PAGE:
However, simply having the ability to control frequency, phase, and output power is not enough to maintain highly efficient energy delivery. Instead, they relied on the closed-loop feedback system to evaluate opportunities for improving cooking configurations. Closed-loop, as opposed to open-loop-type ovens, allow the device to learn the initial conditions, apply specialized heating configurations, and adapt to the changing physical properties of the load during cooking. By using closed loops as a form of control, engineers can feed the system’s generated output back into the system. By comparing the actual output with the desired output, they can design this type of system to automatically sense and monitor the difference in output via an error signal, and thus change the loads, food properties, and other conditions to improve the cooking process.

Using feedback from the cavity/load system, they are able to run tests to see that cooking configurations can be combined to improve uniformity and consistent energy delivery (Figure 2) while using less nominal power to achieve the same result.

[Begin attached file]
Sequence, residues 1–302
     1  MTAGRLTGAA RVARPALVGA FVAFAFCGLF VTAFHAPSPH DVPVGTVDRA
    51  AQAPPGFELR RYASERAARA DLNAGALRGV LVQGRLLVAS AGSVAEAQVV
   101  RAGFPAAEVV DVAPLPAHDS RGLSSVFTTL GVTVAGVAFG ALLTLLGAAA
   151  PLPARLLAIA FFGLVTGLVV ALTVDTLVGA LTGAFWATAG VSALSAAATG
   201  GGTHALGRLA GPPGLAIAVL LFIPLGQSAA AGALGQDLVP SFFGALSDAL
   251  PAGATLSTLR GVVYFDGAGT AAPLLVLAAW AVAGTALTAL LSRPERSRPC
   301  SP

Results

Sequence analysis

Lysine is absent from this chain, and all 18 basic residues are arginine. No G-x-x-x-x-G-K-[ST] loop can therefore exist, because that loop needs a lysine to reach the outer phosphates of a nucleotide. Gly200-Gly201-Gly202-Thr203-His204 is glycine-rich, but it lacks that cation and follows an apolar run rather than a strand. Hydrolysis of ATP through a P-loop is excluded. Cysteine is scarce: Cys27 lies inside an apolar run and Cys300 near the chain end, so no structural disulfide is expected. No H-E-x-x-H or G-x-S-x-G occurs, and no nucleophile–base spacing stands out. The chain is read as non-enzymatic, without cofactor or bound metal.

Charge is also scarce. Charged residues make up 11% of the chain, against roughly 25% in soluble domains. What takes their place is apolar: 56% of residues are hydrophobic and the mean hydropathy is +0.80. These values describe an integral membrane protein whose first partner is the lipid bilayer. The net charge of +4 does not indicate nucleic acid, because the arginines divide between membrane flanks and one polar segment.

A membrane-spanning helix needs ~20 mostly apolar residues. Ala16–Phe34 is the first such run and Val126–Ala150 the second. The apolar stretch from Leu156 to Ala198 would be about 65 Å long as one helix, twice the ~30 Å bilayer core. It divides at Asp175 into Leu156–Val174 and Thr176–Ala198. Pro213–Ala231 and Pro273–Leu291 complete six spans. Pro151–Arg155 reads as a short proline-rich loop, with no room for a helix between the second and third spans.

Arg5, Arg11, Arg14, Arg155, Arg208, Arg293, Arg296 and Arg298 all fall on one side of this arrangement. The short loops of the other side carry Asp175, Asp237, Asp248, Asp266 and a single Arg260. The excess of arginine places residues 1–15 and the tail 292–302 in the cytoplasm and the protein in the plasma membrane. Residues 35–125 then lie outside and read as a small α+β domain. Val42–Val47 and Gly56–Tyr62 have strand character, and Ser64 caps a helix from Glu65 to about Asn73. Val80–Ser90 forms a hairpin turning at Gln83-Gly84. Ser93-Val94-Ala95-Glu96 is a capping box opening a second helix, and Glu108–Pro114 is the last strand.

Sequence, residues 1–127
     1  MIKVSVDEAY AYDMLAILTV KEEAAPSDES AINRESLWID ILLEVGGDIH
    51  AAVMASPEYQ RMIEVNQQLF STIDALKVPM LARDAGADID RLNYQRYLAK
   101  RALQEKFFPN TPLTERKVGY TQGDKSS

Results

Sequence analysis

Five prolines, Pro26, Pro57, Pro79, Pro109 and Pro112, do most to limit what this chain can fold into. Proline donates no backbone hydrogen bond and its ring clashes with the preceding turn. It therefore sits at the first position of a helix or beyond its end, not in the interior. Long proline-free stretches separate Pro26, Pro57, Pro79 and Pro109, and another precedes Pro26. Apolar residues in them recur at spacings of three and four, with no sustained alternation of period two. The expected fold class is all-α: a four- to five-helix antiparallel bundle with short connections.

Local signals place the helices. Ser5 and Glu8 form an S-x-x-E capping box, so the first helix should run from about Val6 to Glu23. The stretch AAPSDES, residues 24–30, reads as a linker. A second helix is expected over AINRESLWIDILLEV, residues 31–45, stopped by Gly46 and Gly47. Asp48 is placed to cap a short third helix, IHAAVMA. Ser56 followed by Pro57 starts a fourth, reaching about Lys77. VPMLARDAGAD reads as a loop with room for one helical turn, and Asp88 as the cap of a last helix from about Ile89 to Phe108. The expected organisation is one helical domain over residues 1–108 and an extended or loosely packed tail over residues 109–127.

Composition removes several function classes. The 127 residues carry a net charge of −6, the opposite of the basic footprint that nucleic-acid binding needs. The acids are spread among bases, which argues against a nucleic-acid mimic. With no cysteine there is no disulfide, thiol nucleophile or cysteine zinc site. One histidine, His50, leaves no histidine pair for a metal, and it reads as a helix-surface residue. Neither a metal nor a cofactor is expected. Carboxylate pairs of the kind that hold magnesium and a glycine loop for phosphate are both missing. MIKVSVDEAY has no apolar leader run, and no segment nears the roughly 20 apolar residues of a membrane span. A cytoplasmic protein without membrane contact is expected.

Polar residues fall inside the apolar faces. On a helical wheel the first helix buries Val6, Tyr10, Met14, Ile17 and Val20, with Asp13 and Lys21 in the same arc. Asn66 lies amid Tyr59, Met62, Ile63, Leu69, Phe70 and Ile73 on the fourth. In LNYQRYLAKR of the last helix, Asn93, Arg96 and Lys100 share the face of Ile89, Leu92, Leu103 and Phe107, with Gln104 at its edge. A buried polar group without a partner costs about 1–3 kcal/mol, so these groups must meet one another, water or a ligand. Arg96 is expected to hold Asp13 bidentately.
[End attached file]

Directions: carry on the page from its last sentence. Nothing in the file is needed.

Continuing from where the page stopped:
Four plots showing how uniformity improves when combining heating patterns. Combined heating patterns
Figure 2. The improved uniformity when combining different heating patterns.

From there, the team can continue to refine tests and confirm and understand the simulation results. “COMSOL Multiphysics® allows our team to perform accurate coupled electromagnetics and thermal simulations of food materials, or loads,” says Hopper. “The properties of these loads change with temperature and frequency, and we have found that the software can account for these changes and provide good approximations for the heating pattern, electromagnetic field magnitude, and power loss density.”

Two side-by-side plots comparing the electric field patterns for different cavity modes. Electric field patterns compared
Figure 3. Electric field pattern comparison for loaded and unloaded cavity modes within a microwave oven.

For example, when they create simulations of loaded and unloaded cavity modes, the team can see where hot spots are most likely to be located (Figure 3). Evaluating likely heating patterns and potential cavity and cookware absorption using simulation can assist them in structuring their experiments in which thermal and electromagnetic data will be collected using multiple frequencies (Figure 4). Furthermore, they can be sure that the simulation results are accurate by creating an intentional temperature difference between foods like bread and eggs.